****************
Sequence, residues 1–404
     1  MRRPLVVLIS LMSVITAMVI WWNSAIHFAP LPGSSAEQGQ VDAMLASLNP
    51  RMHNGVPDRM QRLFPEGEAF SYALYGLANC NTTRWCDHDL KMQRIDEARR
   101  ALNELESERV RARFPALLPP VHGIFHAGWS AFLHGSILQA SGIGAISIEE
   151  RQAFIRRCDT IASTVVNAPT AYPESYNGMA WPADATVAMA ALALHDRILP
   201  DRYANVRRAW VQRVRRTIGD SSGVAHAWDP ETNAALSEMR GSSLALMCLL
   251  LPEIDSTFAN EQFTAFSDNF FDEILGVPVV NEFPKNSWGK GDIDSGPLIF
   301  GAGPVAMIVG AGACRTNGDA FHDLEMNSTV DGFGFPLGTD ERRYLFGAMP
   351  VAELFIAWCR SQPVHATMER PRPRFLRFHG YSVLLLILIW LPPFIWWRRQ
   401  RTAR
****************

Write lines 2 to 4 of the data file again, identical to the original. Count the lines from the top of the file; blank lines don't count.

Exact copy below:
     1  MRRPLVVLIS LMSVITAMVI WWNSAIHFAP LPGSSAEQGQ VDAMLASLNP
    51  RMHNGVPDRM QRLFPEGEAF SYALYGLANC NTTRWCDHDL KMQRIDEARR
   101  ALNELESERV RARFPALLPP VHGIFHAGWS AFLHGSILQA SGIGAISIEE